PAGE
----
I’m no palaeontologist, but being the father of a 7-year-old boy, I talk about dinosaurs more than the average human. My son doesn’t necessarily have that of a great interest in our prehistoric friends themselves, but his thirst for knowledge about the circumstances of their disappearance is seemingly insatiable.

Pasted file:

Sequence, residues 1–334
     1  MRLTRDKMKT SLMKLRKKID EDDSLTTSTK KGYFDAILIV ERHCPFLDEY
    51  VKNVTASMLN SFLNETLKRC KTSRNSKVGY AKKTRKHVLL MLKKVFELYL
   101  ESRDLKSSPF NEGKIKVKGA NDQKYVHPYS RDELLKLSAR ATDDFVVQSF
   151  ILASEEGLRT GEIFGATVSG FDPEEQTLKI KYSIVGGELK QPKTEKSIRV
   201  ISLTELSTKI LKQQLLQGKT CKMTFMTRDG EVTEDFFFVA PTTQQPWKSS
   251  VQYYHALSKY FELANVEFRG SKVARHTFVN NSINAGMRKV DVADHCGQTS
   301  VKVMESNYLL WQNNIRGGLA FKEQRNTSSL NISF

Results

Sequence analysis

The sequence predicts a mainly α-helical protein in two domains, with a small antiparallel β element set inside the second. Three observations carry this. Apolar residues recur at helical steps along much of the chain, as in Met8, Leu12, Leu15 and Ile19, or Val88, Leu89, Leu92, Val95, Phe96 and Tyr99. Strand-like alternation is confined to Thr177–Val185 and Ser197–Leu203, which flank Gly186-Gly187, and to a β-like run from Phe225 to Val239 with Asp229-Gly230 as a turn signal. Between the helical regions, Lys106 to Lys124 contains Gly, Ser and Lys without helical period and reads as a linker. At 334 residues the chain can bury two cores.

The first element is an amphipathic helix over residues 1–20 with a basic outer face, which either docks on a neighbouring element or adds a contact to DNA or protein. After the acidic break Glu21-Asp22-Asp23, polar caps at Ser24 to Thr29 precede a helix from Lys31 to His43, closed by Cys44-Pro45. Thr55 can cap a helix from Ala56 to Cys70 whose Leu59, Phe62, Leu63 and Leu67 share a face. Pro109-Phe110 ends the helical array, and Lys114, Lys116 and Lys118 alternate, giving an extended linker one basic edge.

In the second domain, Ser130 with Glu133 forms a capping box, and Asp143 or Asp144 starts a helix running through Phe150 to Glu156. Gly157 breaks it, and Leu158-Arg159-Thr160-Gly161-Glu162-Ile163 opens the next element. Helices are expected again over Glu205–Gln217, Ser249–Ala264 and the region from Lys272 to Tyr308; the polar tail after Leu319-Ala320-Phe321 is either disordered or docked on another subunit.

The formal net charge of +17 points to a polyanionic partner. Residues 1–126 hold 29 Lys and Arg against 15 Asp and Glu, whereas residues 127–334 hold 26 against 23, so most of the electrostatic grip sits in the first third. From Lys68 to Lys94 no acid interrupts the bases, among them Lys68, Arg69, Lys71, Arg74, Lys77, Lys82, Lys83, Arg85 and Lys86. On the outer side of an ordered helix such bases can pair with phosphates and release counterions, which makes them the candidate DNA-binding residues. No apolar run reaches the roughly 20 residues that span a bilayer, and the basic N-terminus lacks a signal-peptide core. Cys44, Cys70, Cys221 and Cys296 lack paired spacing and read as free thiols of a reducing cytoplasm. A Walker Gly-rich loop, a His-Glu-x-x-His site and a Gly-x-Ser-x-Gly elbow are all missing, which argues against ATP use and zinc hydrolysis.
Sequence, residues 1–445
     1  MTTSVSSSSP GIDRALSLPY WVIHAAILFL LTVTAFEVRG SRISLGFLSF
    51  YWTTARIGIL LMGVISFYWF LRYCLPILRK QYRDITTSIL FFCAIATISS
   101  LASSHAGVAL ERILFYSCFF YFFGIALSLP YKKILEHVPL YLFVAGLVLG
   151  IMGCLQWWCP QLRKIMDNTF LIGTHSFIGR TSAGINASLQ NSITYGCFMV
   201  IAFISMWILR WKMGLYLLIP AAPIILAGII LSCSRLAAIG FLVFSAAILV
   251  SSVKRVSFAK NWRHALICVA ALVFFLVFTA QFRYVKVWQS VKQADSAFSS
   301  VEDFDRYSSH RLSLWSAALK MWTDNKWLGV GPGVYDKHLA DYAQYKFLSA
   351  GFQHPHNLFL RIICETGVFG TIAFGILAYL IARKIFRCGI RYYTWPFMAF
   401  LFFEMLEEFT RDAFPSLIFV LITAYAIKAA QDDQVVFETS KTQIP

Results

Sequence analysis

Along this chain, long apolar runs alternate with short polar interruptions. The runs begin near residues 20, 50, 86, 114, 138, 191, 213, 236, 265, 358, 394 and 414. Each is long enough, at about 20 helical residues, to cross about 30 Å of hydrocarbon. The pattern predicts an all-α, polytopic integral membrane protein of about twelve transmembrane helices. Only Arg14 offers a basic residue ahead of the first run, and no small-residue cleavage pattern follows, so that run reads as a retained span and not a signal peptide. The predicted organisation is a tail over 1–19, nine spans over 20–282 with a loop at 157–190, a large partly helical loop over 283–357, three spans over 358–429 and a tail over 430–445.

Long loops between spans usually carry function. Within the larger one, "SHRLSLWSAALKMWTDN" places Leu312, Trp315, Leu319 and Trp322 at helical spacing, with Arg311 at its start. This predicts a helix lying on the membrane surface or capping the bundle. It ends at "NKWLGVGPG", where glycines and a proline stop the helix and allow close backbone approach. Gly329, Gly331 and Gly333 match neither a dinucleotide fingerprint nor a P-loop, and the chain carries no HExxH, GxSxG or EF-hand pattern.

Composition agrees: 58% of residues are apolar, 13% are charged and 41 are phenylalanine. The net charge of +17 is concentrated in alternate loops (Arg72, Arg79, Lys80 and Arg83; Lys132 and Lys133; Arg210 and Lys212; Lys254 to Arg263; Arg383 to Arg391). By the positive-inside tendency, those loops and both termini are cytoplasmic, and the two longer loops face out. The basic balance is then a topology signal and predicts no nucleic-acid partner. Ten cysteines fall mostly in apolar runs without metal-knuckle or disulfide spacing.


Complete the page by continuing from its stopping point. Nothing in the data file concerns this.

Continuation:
Those father-son discussions about the extinction of dinosaurs led me down a Wikipedia rabbit hole only to discover the existence of such a thing as the Cretaceous–Paleogene boundary. This boundary is a line of dark dust with high concentrations of iridium, which, according to the leading hypothesis, came from the . . . [more]